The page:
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A Fork in the Road: A Memoir

3.76  ·  Rating Details ·  84 Ratings  ·  14 Reviews
From his conflicting childhood experiences in South Africa, to his discovery in 1960s Paris of a wider artistic life, followed by his decision to return home and oppose the apartheid establishment, André Brink tells the story of a life lived in tumultuous times.
Hardcover, 448 pages
Published March 16th 2009 by Harvill Secker (first published January 1st 2009)
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When a novelist waits to the fading end of his career to write his memoir, there is a risk that he may assume that everything about his life is interesting to his fans—that his greatness in the world can propel a reader through any mundane episodes or trivia pertaining to his life (or worse, his intellectual development). I think it’s best to get this kind of thing out of the way with a first novel (“Stephen Hero” style), since the egoism of youth may excuse the tendency to write about the play ...more
Jun 27, 2009 Ilze rated it liked it  ·  review of another edition
Brink is a typical Don Quixote - and he unashamedly compares himself to the same teller of tales. At first you think, 'this can't be true, he's spinnig a yarn!', but as the text progresses, you realize that this is merely his writing style. In and of itself the text is interesting (and especially to someone who has an interest in his affair with Ingrid Jonker). His account of things past, i.e. apartheid, and present, i.e. the New South Africa, is an honest account by someone who feels for the pe ...more
Jun 20, 2011 Nikki rated it it was amazing  ·  review of another edition
If you're an Andre Brink fan then this book is a must. I enjoyed his modest visit down memory lane, also being born in South Africa and now living in France felt a lot in common with him. He has meant much to me in my life through his writing.
Arja Salafranca
Feb 12, 2012 Arja Salafranca rated it really liked it  ·  review of another edition
Firstly, Andre Brink’s words which come at the end of this memoir, “Taking a cue from Rene Magritte, I can now confirm: This is not an autobiography.” Subtitled memoir then, how to classify A Fork in the Road? “These notes are not answers. Attempts, at most. To explain some things, but simply to settle scores.”

This helps explain why there are absences in this book, why you wish there was more explanations. Brink again, “There is a certain sense of propriety in deciding where and when to stop.”
Gavin Felgate
Nov 04, 2015 Gavin Felgate rated it really liked it  ·  review of another edition
After a visit to South Africa earlier this year, a friend recommended this book to me.

I was most interested in Andre Brink's autobiography because of his comments about South Africa's notorious Apartheid where every non-Caucasian person was segregated and treated as second-class citizens. It extended as far as (as the book mentioned), the creation of play areas that only white children could play on.

Not surprisingly, Brink was completely against Apartheid, and his comments about it seemed very h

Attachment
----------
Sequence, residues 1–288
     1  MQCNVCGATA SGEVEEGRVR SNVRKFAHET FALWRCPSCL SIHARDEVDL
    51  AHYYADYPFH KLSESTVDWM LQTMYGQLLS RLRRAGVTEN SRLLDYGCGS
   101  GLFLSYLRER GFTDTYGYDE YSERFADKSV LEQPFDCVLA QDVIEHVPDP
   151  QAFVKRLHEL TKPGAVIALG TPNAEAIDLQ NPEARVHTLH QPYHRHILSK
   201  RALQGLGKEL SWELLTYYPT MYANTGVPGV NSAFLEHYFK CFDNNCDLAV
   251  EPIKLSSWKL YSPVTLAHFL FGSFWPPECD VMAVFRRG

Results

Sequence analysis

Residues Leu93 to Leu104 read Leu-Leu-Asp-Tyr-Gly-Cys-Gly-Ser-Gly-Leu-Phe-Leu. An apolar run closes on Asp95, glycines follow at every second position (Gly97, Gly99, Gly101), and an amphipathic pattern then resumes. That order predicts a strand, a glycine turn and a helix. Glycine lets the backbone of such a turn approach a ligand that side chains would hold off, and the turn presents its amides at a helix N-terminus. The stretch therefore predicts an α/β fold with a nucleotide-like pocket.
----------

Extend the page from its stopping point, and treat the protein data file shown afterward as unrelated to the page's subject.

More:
John Benson
I had read the author's book, A DRY WHITE SEASON, some years ago and quite enjoyed it. This memoir is written very episodically and sometimes it is easy to know who he is writing about, but at other times, it is very hard. I liked how he discussed his views on changing race relations in South Africa throughout his life, his discussion on the influence of his Afrikaans childhood, his views on the arts within South Africa. I was disappointed that he wrote extensively about different women in his l ...more
Ann Tonks
Apr 06, 2016 Ann Tonks rated it really liked it  ·  review of another edition
Shelves: owned
As an avid Brinke reader over many years, I was fascincated to read his autobiography. On one level it was an in formative and often entralling read. On another level, the picture wasn't quite clear enough on the reasons why he gave up his culture to support "the other" in South Africa. I wanted to know more.
Sean de la Rosa
Jun 29, 2014 Sean de la Rosa rated it really liked it  ·  review of another edition
He confesses that he's not a non-fiction writer, something which I agree with. There were parts of the bio that were a bit dry to plough through, but there were also some beautiful parts that almost had me in tears. I have underestimated Brink. This will be a voice I will be paying attention to.
Leo Averbach
Jul 21, 2010 Leo Averbach rated it really liked it  ·  review of another edition
The fascinating story of Brink's departure from the Afrikaner world, together with lovely descriptions of Cape Town and Paris.
The book shadows South Africa's progression from apartheid to democracy but the author does not mince his words about the current state of the country.
Liz Wager
Didn't enjoy this as much as I hoped I would
Soul searching for a South African 10 years younger and been through it all.
Liz Lodge
May 21, 2014 Liz Lodge rated it really liked it  ·  review of another edition
Being an Andre Brink fan, this book was of great interest to me. It was also a trip down memory lane for me - being from South Africa and living in the Jersey.
Recato Cristiano
One of the best books I have read. Can I add another star?
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André Philippus Brink was a South African novelist. He wrote in Afrikaans and English and was until his retirement a Professor of English Literature at the University of Cape Town.

In the 1960s, he and Breyten Breytenbach were key figures in the Afrikaans literary movement known as Die Sestigers ("The Sixty-ers"). These writers sought to use Afrikaans as a language to speak against the apartheid go
More about André Brink...

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